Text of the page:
Impact of HIV / AIDS in Tanzania
The fact that HIV / AIDS has hit Africa hard is hardly a news, but it may be that the western parts of Tanzania were hit early, with several cases of AIDS found in the 1980s. In Africa, there have been a lot of studies on HIV / AIDS, how the disease is spread, what risk groups are and what can be done in preventive terms to reduce the spread (eg use of condoms).
Many of the researchers who have looked at HIV / AIDS are from medicine or anthropology / demography, and it has long been agreed that a loss of labor through disease must affect the possibilities of farming, and also that the natural vegetation can be affected (there are Stories about how all forests have been cut down to have tricky needles).
But few or no more quantitative studies of changes in environment and agriculture have been made, which has inspired this research project, which is a collaboration between nature and cultural geographers at Lund University.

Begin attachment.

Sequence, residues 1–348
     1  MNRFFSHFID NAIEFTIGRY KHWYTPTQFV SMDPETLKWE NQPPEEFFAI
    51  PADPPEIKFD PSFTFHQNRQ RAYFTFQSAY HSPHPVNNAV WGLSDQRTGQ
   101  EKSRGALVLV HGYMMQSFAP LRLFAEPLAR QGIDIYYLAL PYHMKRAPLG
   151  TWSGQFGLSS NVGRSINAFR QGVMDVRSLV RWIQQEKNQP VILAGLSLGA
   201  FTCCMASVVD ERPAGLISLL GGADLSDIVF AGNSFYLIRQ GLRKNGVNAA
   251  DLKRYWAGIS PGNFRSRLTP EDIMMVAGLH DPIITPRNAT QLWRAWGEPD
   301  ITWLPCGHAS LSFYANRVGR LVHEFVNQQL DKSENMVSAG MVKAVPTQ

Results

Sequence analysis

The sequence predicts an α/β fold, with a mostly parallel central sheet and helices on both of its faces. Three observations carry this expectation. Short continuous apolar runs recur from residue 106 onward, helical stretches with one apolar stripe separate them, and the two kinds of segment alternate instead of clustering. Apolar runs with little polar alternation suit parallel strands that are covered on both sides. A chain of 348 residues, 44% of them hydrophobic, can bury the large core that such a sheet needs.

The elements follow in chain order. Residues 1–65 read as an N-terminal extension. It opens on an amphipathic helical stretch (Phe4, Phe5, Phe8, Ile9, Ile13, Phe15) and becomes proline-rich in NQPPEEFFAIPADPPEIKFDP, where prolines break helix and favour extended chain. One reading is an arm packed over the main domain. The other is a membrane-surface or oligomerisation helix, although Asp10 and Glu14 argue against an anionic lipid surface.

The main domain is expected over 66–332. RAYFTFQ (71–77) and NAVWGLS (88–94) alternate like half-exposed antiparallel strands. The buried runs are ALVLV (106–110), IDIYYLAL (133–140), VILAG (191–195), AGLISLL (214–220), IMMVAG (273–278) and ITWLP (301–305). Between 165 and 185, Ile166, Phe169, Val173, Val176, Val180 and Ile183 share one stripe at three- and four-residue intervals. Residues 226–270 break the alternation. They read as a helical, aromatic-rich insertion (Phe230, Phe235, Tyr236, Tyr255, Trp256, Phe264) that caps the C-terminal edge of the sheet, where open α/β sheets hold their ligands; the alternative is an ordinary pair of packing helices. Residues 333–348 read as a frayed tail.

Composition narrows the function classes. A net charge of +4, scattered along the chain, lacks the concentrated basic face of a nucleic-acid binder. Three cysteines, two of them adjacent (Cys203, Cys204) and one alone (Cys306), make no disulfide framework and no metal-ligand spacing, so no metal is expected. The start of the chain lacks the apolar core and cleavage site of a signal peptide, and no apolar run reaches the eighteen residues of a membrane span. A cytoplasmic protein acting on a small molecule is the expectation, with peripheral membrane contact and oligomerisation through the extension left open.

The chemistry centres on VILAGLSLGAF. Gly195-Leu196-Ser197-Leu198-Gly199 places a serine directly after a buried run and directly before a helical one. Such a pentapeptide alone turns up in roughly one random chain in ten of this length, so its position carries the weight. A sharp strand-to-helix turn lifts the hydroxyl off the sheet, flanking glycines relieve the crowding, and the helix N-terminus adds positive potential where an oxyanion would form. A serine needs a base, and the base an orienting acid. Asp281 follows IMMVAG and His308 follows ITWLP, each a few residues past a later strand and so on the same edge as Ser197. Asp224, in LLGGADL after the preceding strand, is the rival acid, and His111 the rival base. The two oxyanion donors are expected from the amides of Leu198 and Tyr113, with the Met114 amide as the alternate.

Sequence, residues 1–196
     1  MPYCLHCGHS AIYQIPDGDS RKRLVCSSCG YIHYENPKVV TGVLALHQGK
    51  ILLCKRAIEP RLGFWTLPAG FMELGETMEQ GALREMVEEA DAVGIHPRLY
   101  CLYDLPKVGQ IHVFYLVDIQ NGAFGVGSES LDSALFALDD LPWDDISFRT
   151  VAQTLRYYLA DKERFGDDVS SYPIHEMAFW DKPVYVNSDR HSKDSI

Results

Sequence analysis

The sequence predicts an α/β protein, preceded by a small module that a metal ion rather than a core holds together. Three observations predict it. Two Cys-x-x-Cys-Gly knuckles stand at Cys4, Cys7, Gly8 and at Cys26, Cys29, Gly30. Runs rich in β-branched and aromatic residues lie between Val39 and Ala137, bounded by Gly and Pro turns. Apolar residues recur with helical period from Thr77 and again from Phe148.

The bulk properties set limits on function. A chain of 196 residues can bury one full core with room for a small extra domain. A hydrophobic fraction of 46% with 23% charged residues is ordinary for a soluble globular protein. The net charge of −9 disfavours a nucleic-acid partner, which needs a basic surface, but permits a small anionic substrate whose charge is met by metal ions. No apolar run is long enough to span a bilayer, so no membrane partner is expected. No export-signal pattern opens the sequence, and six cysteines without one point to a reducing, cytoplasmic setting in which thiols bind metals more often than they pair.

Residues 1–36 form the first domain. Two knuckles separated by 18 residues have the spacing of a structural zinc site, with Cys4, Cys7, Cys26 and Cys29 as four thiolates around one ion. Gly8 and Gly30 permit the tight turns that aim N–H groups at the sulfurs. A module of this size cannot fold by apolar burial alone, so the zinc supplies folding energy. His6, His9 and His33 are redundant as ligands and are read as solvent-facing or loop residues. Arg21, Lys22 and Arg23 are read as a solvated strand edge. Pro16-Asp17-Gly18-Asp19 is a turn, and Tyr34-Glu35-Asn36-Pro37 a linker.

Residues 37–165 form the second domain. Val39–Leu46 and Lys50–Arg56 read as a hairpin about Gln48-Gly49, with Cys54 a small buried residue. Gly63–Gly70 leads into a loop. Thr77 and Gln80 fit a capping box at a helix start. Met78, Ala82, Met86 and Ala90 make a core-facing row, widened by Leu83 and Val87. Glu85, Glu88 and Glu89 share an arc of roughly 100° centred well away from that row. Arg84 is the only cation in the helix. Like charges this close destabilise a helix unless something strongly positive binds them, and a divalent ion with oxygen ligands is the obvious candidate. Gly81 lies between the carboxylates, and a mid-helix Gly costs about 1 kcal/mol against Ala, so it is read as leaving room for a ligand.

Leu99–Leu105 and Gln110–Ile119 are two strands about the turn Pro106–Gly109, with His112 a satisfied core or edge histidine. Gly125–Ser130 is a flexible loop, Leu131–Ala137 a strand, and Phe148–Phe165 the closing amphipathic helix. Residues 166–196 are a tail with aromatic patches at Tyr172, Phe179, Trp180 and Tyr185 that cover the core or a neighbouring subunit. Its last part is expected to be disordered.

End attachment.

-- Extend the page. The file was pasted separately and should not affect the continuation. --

By using satellite data from different archives, it is possible to map the spread of land use and vegetation types back to the 1970s, ie before HIV / AIDS had reached western Tanzania where Kagera Province is located. By looking at satellite images about 10 years apart, it is possible to follow changes in land use and vegetation over time, and the purpose of the project is to quantify land change of predominantly different types of agricultural land. In parallel, demographic and statistical analyzes are ongoing to describe population structures that indicate the level of HIV / AIDS in an area.
Preliminary results show that there is a change in land use from more complex and labor-intensive production systems, such as Banana / coffee for extensive cultivation of pile crops or open shrubs with scattered cultivation. This indicates that a high mortality rate in AIDS during the 1990s has had a major impact on both agricultural production and ecosystems in the area. The project is run as a collaboration between the Cultural Geographic Department and the ENES (GIS Center) and is funded by Sida-Sarec.